Front-end and back-end analytics are clearly different, and together their true power is a testament to how neither is necessarily better than the other. One is the peanut butter to the other’s chocolate – delicious apart, but better together. We define front-end analytics as: analysis performed on all available business data, combined with relevant third-party information sources, to gain insights into business opportunities before brand strategies, media strategies and creative strategies are executed. (That’s as opposed to back-end analytics which measure marketing performance.)
Specific to front-end analytics, you can’t go in assuming you know the answer, looking for data to support your presumed hypothesis. Rather, you want to go in and look for a solution to a business problem, and what that opportunity looks like as a dataset. You start with the business.
Callahan is hired as an agency not to buy media impressions, or to make ads — we’re not a transactional office of order-takers. Instead, we’re hired to solve for business opportunities: to sell more pizza, sell more heartworm medication, or construct email campaign plans that move the needle on targeted demographic groups. In short, we’re hired to make money for our clients.
Using front-end analytics to uncover a better future for your business
To that end, front-end analytics is really an exercise in examining the business, to understand the variables in the business, identify opportunities and how we can best help by making the biggest impact on a business. Front-end analytics shines a spotlight on what work we should be doing — it’s the horse pulling the cart. It helps to illuminate the path of where we should be going.
Sticking with that analogy, you also have the cart — back-end analytics, which are different in more than name alone. Back-end is postmortem. Back-end analytics look at the efficacy of what we ended up doing. So back-end analytics is what I think a lot of agencies call analytics. It’s reporting: how many impressions did we run? How many clicks did we get? What was our engagement? What was sentiment? This is all important stuff, but its value has a limit without the context of the front-end data analysis.
When you marry these two data sets together, you can start drawing correlations — you can link those back-end metrics to the business impact because you’ve already established the framework — and proper KPIs —through which you’re trying to ultimately evaluate success of any marketing campaign. The true KPI should not be to achieve a certain click-through rate, or a certain cost per click, or a certain cost per conversion. It should be to sell more of a product or service. Front-end analytics sets things up for success from the beginning.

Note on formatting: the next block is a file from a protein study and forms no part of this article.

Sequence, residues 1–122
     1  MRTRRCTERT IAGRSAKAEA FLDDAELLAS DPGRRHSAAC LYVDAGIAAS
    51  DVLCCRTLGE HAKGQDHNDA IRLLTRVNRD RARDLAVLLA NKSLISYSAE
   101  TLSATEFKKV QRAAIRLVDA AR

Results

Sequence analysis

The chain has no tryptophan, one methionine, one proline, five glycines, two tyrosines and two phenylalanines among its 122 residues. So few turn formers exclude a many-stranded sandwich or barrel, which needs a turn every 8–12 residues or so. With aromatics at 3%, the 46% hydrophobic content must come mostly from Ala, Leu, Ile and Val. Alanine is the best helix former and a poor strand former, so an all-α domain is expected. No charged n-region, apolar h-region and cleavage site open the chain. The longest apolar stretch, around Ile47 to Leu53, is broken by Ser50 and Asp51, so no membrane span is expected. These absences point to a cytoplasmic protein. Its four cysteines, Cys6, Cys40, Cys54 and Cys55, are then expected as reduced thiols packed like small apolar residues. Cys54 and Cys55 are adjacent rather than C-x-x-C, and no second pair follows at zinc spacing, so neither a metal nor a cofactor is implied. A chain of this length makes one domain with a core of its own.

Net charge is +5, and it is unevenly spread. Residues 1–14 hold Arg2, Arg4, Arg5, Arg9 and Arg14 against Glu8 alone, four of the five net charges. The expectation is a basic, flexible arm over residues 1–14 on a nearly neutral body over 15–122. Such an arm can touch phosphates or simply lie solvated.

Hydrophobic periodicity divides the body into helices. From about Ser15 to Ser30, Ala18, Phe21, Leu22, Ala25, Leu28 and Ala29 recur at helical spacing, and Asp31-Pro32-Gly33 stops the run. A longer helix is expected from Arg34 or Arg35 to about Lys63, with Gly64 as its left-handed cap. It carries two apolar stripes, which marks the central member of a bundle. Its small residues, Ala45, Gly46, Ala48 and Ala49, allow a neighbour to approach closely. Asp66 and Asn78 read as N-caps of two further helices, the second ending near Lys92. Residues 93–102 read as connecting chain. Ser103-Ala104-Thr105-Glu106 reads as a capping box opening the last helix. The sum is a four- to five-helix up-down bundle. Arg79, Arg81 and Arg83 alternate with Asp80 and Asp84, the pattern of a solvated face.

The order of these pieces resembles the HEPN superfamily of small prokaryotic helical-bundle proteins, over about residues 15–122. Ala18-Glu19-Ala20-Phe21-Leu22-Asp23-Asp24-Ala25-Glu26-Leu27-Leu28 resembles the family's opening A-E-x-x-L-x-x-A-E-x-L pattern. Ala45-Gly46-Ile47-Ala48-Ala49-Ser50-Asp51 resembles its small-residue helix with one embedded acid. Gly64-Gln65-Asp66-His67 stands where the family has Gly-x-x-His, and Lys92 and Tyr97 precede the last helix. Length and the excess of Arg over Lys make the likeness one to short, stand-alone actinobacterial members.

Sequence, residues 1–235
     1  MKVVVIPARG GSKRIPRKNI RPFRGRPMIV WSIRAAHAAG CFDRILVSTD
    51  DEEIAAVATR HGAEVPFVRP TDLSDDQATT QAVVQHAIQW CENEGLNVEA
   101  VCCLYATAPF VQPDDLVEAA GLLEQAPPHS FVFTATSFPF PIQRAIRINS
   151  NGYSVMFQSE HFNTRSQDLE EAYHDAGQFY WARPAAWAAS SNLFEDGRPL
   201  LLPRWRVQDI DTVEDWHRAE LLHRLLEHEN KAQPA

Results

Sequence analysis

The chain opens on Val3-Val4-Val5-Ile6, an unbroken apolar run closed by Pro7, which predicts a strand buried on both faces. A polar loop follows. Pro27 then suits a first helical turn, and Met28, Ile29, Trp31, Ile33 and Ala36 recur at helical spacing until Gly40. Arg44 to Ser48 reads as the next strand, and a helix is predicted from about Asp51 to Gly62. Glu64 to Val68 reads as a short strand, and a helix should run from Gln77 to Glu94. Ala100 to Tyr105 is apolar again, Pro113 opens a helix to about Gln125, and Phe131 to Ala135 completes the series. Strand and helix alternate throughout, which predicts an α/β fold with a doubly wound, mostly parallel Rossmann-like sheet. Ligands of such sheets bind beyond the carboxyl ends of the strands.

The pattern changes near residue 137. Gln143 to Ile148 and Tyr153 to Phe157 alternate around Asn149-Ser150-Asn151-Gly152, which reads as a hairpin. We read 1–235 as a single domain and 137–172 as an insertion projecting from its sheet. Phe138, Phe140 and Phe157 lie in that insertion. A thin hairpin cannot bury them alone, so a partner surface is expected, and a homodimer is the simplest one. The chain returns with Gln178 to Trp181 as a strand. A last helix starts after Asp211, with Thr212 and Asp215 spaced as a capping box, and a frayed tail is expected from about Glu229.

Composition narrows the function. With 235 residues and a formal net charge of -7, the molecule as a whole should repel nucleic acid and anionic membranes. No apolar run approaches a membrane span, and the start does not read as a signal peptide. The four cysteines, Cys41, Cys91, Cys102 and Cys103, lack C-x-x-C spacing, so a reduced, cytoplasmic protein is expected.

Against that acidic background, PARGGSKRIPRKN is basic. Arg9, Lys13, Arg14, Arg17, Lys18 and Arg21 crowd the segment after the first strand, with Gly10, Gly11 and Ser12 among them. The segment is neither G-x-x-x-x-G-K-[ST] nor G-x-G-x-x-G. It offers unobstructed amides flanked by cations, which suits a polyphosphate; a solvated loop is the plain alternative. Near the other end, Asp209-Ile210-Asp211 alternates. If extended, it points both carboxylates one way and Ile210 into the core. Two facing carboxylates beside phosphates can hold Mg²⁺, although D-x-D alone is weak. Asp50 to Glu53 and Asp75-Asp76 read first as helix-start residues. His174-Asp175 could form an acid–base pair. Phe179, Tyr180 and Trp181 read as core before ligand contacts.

For example, consider a hypothetical client who works with us and says they want to sell more widgets. Well, we can look at that back-end marketing KPIs and measure what media produced the most impressions, but that doesn’t help understand what tactics best impacted actual widget sales.
Now, consider what those back-end outputs would look like if we could correlate them with front-end, business-focused data analytics. How many varieties of widgets are being sold at each store, when and where where they sold, average cost per sale, quantity sold per customer, inventory and foot traffic, average overall sales data for each store, seasonal information — and then, what marketing activities drove all that. That adds additional context to otherwise flat back-end KPI measurement. That’s when it gets truly interesting and enlightening in a way that can drive business outcomes.
A lot of times back-end analytics are the basis for how you optimize media plans or marketing campaigns, so not to diminish that — it’s really important in that regard. But in isolation of having anything on the front end, it’s a pretty myopic, narrow view, and it can leave you scratching your head without a connection with front-end data. Without that marriage of the two, what really was the impact of the media buy, the marketing plan?
If this interplay between front-end and back-end analytics piques your interest, I invite you to read Zack Pike’s in-depth white paper on the Callahan Intelligence Platform.